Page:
1 Seeing then that the days are evil, and that the worker of evil himself is in power, we ought to pay attention to ourselves, and seek out the ordinances of the Lord.2 Fear then, and patience are the helpers of our faith, and long-suffering and continence are our allies.3 While then these things remain in holiness towards the Lord, wisdom, prudence,understanding, and knowledge rejoice with them.4 For he has made plain to us through all the Prophets that he needs neither sacrifices nor burnt-offerings nor oblations, saying in one place,5 “What is the multitude of your sacrifices to me? says the Lord. I am full of burnt offerings anddo not desire the fat of lambs and the blood of bulls and goats, not even when you come toappear before me. For who has required these things at your hands? From now on you shall treadmy court no more. If you bring flour, it is vain. Incense is an abomination to me. I cannot endureyour new moons and Sabbaths.”6 He then abolished these things in order that the new law of our Lord Jesus Christ, which iswithout the burden of necessity, might have its oblation not made by man.
7 And again he says to them, “Did I command your fathers when they came out of the land of Egypt to offer me burnt offerings and sacrifices?8 No, but rather I commanded them this: Let none of you cherish any evil in his heart against hisneighbor, and do not love a false oath.”9 We ought then understand, if we are not foolish, the loving intention of our Father, for hespeaks to us, wishing that we should not err like them, but seek how we may make our offeringto him.10 To us then he speaks these words: “Sacrifice for the Lord is a broken heart, a smell of sweetsavor to the Lord is a heart that glorifies him that made it.” We ought, therefore, brothers,carefully enquire concerning our salvation, in order that the evil one may not achieve a deceitfulentry into us and hurl us away from our life.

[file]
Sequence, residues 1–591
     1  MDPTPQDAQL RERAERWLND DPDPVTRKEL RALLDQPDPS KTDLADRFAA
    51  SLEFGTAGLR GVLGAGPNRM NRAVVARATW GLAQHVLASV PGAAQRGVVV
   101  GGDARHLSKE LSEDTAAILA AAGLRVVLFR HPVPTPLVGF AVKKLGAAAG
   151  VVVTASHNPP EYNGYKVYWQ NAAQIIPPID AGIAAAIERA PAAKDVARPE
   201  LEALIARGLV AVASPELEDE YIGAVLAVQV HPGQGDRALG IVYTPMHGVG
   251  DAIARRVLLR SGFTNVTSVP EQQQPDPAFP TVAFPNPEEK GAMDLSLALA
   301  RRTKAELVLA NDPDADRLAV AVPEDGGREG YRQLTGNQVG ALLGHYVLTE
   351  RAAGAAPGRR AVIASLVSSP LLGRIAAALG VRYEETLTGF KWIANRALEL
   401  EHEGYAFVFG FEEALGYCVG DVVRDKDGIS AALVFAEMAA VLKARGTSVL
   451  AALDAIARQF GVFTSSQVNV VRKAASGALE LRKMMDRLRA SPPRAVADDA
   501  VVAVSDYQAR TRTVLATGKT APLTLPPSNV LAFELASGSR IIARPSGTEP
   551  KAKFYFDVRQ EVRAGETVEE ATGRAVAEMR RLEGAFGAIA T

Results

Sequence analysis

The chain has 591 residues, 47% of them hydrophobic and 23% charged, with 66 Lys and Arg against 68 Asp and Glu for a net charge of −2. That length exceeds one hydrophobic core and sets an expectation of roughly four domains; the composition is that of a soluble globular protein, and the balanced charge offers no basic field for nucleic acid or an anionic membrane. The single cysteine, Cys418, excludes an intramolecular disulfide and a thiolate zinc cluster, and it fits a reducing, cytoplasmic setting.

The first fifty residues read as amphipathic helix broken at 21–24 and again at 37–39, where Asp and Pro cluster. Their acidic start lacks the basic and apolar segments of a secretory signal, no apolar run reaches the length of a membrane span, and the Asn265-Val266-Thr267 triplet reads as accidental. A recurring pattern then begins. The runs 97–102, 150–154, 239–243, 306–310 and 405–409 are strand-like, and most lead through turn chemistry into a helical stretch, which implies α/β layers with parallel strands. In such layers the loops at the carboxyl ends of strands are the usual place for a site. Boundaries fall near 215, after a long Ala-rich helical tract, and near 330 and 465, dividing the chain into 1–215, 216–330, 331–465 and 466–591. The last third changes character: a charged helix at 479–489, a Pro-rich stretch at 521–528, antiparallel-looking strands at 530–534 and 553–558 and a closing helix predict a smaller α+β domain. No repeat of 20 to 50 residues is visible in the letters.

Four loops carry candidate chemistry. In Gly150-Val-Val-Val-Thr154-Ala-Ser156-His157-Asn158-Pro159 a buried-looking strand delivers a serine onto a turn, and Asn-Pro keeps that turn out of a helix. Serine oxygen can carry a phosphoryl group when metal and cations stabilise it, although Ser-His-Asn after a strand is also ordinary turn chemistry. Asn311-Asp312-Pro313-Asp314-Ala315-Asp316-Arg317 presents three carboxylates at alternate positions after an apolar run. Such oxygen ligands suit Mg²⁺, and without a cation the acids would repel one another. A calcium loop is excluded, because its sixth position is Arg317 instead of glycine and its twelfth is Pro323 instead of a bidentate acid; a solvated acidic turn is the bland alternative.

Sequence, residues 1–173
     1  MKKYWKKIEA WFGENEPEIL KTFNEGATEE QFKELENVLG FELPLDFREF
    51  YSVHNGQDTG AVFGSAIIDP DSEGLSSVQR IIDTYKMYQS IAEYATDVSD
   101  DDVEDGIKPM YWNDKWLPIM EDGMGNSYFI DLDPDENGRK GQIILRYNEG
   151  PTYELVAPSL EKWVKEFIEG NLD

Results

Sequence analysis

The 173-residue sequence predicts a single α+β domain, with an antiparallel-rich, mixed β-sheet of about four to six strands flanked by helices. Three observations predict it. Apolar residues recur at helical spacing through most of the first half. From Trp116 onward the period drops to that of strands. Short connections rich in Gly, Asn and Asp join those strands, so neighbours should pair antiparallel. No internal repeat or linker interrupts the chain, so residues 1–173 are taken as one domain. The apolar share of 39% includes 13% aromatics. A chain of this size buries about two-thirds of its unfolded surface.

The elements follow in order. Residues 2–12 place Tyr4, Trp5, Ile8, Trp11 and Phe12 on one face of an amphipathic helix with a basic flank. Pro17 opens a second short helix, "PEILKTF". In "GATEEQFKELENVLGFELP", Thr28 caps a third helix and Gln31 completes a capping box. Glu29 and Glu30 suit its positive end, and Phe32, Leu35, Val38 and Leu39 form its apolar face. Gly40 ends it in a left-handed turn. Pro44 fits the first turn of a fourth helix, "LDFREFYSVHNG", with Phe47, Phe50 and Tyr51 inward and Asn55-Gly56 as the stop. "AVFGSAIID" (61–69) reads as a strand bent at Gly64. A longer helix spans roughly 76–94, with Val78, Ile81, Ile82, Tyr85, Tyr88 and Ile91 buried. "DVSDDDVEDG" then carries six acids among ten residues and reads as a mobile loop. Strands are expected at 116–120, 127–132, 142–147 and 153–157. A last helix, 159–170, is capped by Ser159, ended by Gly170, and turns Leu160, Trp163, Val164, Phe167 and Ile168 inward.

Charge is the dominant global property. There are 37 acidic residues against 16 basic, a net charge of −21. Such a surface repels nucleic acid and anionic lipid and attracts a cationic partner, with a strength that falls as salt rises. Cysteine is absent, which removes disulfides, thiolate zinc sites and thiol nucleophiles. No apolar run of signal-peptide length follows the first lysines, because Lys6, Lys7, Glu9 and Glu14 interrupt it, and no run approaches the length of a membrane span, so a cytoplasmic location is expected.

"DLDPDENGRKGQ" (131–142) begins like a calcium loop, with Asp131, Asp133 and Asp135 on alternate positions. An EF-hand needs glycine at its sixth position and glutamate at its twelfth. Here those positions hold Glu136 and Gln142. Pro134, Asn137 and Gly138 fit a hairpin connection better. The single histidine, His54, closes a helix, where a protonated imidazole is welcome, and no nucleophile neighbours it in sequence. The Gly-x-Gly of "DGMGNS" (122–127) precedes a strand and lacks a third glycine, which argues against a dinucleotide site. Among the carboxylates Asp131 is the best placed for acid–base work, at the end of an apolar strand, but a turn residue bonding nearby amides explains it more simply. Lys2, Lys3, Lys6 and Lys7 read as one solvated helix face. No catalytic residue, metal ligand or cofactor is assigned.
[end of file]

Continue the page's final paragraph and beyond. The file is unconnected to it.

CHAPTER 3Concerning fasting
1 To them he says then again concerning these things, “Why do you fast for me, says the Lord,so that your voice is heard this day with a cry! This is not the fast which I chose, says the Lord,not a man humbling his soul;2 nor though you bend your neck as a hoop, and put on sackcloth, and make your bed of ashes,not even so shall you call it an acceptable fast.”3 But to us he says, “Observe, this is the fast which I chose,” says the Lord, “loose every bond of wickedness, set loose the fastenings of harsh agreements, send away the bruised in forgiveness,and tear up every unjust contract, give to the hungry your bread, and if you see a naked manclothe him, bring the homeless into your house, and if you see a humble man, do not despisehim, neither you nor any of the household of your seed.4 Then your light shall break out as the dawn, and your robes shall rise quickly, and your righteousness shall go before you, and the glory of God shall surround you.”5 “Then you will cry and God shall hear you; while you are still speaking He shall say, `I amhere’; if you put away from you bondage, and violence, and the word of murmuring, and giveyour bread to the poor with a cheerful heart, and pity the soul that is disadvantaged.”6 So then, brothers, the long-suffering one foresaw that the people whom He prepared in his beloved should believe in guilelessness, and made all things plain to us beforehand that weshould not be shipwrecked by conversion to their law.